The Right Kind of Digging (A Poem)

Managing Editor Julia Frankenbach offers a poem seven years in the making. Originally composed in the author’s sophomore year at Mount Holyoke College, the poem has endured flurries of adjustment, gradually rooting itself in the northern California landscape as the author focused her studies there. Like the unpredictable layering process for British artist Rebecca Vincent’s original monotypes…

In Defense of the Portfolio: A New Gatekeeper to Candidacy

Erstwhile Contributing Editor Alessandra Link shares her reflections on the portfolio comprehensive exam process at University of Colorado, Boulder. Modeled off of tenure dossiers, portfolios provide students with material that they can take with them to the job market. The portfolio process, Link explains, also prompts increased student-faculty interaction., This uptick in conversation should help…

An American Band with Baggage: Drive-By Truckers and the Weight of History

Erstwhile editor Graeme Pente reviews the historical content and engagement of Drive-By Truckers’ well-regarded eleventh album, released in 2016. “Even in times of vast upheaval, things just don’t change enough.” — Patterson Hood, American Band liner notes The Drive-By Truckers’ eleventh studio album American Band (2016) topped numerous best-of lists last year for its fine compositions…

How to run a graduate student conference: RMIHC co-chairs provide a guide

This week, contributing editors Caroline Grego and Graeme Pente share their tips for organizing a graduate student conference. Both have served as co-chairs of the CU Boulder History Department’s Rocky Mountain Interdisciplinary History Conference (RMIHC), which is in its eighteenth year and attracts graduate students from across the country. Graeme was a co-chair in 2015…

The Historian as Writer, in Letters

This week Erstwhile’s Alessandra Link meditates on the creative possibilities and common stressors that touch writers during these unsettling times. Drawing inspiration from Aaron Sachs’s “Letters to a Tenured Historian,”[1] Link considers the seeming tensions between the craft of writing and the disciplinary requirements of the historical profession in a series of letters to a…

Crude Entanglements: The Dakota Access Pipeline Controversy and the Troubling History of Corporations in Indian Country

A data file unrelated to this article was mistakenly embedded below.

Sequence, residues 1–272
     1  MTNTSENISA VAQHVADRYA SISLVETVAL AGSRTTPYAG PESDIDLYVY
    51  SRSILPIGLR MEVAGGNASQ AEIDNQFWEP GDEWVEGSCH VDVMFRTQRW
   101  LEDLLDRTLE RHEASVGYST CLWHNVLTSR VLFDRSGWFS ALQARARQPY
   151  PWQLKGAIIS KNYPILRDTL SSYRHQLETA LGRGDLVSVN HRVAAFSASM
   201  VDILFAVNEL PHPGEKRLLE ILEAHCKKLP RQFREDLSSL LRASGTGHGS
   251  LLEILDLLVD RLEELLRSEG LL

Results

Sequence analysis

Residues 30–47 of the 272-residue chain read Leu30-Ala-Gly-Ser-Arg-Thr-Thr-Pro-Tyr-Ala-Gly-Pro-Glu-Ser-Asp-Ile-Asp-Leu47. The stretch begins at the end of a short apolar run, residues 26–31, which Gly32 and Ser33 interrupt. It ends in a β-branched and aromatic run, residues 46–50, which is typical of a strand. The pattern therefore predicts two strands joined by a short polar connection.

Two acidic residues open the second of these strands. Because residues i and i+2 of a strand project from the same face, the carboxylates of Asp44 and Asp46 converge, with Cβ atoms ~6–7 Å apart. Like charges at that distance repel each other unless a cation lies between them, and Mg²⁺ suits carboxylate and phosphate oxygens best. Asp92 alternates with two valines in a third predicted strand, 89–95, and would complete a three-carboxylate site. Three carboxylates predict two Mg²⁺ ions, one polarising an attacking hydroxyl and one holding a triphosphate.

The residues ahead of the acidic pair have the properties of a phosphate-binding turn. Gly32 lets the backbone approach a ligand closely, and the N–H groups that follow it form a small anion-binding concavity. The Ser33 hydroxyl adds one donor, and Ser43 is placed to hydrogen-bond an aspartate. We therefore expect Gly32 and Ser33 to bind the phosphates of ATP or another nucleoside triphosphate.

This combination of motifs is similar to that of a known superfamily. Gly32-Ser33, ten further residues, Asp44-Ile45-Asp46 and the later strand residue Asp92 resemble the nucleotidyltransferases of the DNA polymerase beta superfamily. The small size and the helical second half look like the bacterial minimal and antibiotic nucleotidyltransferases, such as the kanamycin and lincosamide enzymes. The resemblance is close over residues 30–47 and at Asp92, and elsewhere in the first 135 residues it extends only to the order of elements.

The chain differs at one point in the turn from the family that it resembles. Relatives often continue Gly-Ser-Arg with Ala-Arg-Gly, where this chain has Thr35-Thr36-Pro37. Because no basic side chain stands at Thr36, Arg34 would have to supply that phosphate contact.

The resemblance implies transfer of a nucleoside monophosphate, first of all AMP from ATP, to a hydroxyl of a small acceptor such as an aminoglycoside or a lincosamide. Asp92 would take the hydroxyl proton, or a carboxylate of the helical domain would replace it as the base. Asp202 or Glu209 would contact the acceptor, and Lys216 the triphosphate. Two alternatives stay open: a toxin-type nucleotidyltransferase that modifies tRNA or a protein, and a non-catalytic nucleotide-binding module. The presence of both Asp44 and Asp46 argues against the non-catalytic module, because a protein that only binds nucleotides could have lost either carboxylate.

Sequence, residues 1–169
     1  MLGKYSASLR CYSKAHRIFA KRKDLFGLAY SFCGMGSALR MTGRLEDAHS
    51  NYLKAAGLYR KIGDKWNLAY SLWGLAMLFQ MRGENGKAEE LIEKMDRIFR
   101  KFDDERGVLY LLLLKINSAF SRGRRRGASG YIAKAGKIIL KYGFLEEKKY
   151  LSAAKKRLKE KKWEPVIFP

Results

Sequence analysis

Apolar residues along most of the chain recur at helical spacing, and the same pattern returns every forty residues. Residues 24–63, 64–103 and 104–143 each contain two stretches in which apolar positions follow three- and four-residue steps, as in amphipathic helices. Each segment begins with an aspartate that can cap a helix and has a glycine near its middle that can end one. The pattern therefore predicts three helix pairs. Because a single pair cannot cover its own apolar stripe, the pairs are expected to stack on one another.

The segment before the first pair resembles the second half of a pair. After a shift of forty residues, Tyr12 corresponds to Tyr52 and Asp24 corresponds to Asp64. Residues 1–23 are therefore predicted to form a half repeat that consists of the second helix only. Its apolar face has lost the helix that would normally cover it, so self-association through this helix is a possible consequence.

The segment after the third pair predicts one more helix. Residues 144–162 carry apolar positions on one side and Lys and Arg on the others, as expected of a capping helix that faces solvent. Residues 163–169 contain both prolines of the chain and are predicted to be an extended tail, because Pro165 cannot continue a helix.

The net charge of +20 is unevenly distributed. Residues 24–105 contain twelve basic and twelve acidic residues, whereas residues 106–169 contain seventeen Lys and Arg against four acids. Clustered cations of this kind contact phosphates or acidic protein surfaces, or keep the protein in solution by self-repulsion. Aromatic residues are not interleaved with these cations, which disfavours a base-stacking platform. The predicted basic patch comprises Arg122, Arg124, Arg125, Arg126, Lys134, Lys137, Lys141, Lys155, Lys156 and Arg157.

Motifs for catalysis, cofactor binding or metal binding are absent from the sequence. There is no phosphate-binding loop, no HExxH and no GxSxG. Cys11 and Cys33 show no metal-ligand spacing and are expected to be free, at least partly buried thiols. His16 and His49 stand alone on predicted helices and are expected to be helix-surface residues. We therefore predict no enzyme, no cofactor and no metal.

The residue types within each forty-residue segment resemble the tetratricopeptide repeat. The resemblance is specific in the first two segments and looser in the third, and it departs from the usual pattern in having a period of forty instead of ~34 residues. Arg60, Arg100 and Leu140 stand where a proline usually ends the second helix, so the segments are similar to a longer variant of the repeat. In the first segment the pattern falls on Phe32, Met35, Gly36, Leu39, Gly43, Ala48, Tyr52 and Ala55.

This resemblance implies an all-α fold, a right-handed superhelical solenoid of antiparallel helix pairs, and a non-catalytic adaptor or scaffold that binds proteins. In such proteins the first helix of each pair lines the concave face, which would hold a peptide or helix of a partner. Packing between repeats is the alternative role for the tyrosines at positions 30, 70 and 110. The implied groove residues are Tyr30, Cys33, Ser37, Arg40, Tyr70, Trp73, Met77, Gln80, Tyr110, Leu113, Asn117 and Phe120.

Erstwhile contributing editor Alessandra Link reveals disturbing parallels between the present-day Dakota Access Pipeline controversy and the long history of covert corporate maneuvering in Indian Country. While mainstream media outlets focus on the legal conflict between the Standing Rock Sioux and the federal government, the oil company itself has slid beyond wide public recognition. Link…

Finding the Words: An Account of UW-Madison’s 2016 CHE Graduate Student Symposium

Erstwhile editor Julia Frankenbach recounts her experience at “E is for Environment,” UW-Madison’s recent graduate student symposium hosted by the Center for Culture, History & the Environment (CHE). Last Saturday morning, an unfamiliar rosy light filtered through curtains. Expecting a rosy sunrise, I looked from my window on the fourth floor of a conference center…

Graphic Histories: Trinity by Jonathan Fetter-Vorm

Erstwhile‘s Beau Driver kicks off a news series on historical graphic novels by reviewing Jonathan Fetter-Vorm’s Trinity: A Graphic History of the First Atomic Bomb in the inaugural edition of Erstwhile‘s “Graphic Histories.” Last year, I had the pleasure of interviewing Ari Kelman about his and Jonathan Fetter-Vorm’s wonderful graphic history of the Civil War, Battle…

Re-Membering the Llano: California’s Multiple Histories as an Island

Erstwhile blogger Julia Frankenbach reflects on historical and contemporary notions of California as an exotic place. California has come together more than once. In multiple histories—in matter and in mind—the massive swath of land on the western cusp of North America assembled and assumed a place on the continent. My efforts to assemble memories of…